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Chael Sonnen's Coach Will Appeal UFC 148 Loss to Anderson Silva

On Saturday night, Anderson Silva beat Chael Sonnen at UFC 148. It was a long time coming for the UFC’s middleweight champion who had listened to Sonnen talk shit for more than two years, dating back to before their bout in August 2010. By now, you’ve seen how the fight ended – and I’ve included the beginning of the end here in gif form. After all that talk, Sonnen’s camp will not go quietly into the night. Chael’s coach Scott McQuarry is planning to appeal the loss. Via MMAjunkie:

“Obviously, there were minor infractions of grabbing shorts and greasing himself up,” McQuarry said. “But the knee to the face … I’ve looked at it from numerous angles. I can see where it hit his face. It did slide down to his chest. But that should be considered a no-contest.

“What I’m looking for is a rematch.”

As silly as appealing a TKO as definitive as that may sound, McQuarry’s complains are not completely without merit. I’ll go through all three individually. Partially to help organize my thoughts and partially to make the post look more appealing. People love lists.

1. “grabbing the shorts”
Anderson Silva was blatantly grabbing Chael Sonnen’s shorts in the second round. This is illegal. Silva was warned early in the round not to grab shorts, but he kept doing it – while the referee was on the out of view. If he had seen this, he likely would have taken a point from Silva. In the end, who cares? It didn’t go to a decision. All it means is that Chael Sonnen was at the very worst, tied when the referee pulled Silva off him.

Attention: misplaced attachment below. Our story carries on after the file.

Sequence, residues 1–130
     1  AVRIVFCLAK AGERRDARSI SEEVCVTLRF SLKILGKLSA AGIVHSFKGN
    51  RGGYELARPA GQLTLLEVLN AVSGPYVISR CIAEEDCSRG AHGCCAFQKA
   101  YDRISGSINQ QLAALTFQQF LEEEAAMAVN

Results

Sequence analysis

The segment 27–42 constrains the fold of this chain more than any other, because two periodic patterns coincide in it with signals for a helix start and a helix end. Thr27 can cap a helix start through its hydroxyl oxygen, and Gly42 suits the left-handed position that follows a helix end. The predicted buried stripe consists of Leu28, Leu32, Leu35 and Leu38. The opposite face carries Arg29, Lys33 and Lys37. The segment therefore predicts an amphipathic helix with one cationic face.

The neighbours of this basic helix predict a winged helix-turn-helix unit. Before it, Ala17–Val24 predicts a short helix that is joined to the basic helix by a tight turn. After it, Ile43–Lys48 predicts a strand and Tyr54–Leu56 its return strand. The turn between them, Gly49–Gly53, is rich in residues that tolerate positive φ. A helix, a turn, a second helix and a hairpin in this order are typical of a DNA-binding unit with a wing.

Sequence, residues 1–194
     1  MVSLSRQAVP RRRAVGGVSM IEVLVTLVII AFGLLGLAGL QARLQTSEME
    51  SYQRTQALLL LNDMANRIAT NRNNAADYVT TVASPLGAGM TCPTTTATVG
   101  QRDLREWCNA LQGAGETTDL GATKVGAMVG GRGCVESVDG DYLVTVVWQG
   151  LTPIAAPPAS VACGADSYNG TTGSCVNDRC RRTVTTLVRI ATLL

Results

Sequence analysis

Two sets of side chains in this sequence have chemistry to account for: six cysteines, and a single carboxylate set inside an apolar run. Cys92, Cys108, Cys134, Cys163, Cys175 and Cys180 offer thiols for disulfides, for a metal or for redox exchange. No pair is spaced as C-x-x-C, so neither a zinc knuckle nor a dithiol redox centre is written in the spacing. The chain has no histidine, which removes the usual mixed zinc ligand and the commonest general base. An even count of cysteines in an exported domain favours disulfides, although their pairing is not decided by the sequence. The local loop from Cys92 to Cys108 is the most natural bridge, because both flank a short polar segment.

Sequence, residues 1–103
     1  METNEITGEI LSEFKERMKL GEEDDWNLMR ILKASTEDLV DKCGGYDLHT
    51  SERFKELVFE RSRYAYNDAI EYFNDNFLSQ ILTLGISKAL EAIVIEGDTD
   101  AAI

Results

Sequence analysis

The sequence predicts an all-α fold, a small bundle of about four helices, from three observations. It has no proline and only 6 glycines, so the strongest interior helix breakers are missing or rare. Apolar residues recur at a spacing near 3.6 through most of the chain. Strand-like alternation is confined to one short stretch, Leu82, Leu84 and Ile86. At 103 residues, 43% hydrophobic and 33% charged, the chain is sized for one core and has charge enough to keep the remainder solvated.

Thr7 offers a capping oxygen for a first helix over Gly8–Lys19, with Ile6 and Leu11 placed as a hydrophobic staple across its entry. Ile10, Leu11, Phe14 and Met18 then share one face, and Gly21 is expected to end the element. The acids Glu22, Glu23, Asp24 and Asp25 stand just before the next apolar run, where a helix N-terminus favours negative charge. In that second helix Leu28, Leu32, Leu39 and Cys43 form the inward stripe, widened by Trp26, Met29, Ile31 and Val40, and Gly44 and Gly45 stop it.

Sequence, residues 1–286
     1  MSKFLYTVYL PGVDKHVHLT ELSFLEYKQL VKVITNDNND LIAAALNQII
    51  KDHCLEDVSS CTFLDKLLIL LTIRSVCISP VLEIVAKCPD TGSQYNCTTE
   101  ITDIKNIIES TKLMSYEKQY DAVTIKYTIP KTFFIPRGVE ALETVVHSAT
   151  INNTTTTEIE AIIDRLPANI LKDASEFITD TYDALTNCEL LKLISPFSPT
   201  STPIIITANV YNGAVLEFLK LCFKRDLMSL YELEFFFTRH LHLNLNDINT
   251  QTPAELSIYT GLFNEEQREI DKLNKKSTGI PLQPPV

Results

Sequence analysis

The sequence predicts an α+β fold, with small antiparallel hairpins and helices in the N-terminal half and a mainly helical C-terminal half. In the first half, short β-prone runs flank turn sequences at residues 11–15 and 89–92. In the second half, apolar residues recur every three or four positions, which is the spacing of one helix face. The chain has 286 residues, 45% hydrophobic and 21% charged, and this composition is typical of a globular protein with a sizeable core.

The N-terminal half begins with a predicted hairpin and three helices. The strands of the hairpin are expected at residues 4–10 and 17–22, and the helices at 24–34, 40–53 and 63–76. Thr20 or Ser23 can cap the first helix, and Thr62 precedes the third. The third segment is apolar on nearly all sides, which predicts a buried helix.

2. “greasing himself up”
An Anderson Silva specialty. Before entering the cage, fighters have Vaseline applied to their face to help prevent cuts. During introductions, Anderson Silva is famous for taking the Vaseline and reapplying it to his chest and arms.  This helps keep him slick and harder to take down. Someone obviously alerted referee Yves Lavigne who took a towel to Silva after introductions. Again, in the end, does it matter? That wrong was righted before the fight even began. Sonnen proceeded to take Silva down immediately.

3. “knee to the face”
As you can see (over and over and over again) Silva threw a vicious knee towards Chael Sonnen’s chest. If it didn’t hit his face flush, it at least made some contact with it. At full speed, it was a dangerous knee that bordered on illegal, missing Sonnen’s face by a whisker. As soon as it landed, Twitter exploded with “illegal knee!?!?” tweets. I was among them. It’s as hard as you can legally knee a grounded opponent in the face without getting into trouble. Of course, this will be the main point of contention for Sonnen’s camp.

“It was pretty evident to me that there was intent on Anderson’s part to do an illegal knee, and I think he was trying to get disqualified still,” McQuary said. “I think Anderson’s hope the whole time was that he would do an illegal thing, he would get disqualified, and then I don’t know what his plan was after that.

I’m not sure intent matters. And I still doubt that Anderson ever wanted “out” of the fight against Chael. Moving on.

4. “rematch”
In about 35 minutes of cage time, Chael Sonnen has won 5 total rounds against Anderson Silva. The only times he wasn’t winning has been when he was losing. Sonnen is the only person in the last 4 years to put any real pressure on Anderson Silva. (Dan Henderson was able to push Silva for about a round.) If Sonnen wants a rematch, he’s going to make a compelling case. When you’re 0-2 against a guy, it’s going to be impossible for anyone to take Sonne’s schtick seriously. He’s going to need to become the hard-working guy who sets up a third fight with his performance and nto his mouth or some pointless appeal.

 

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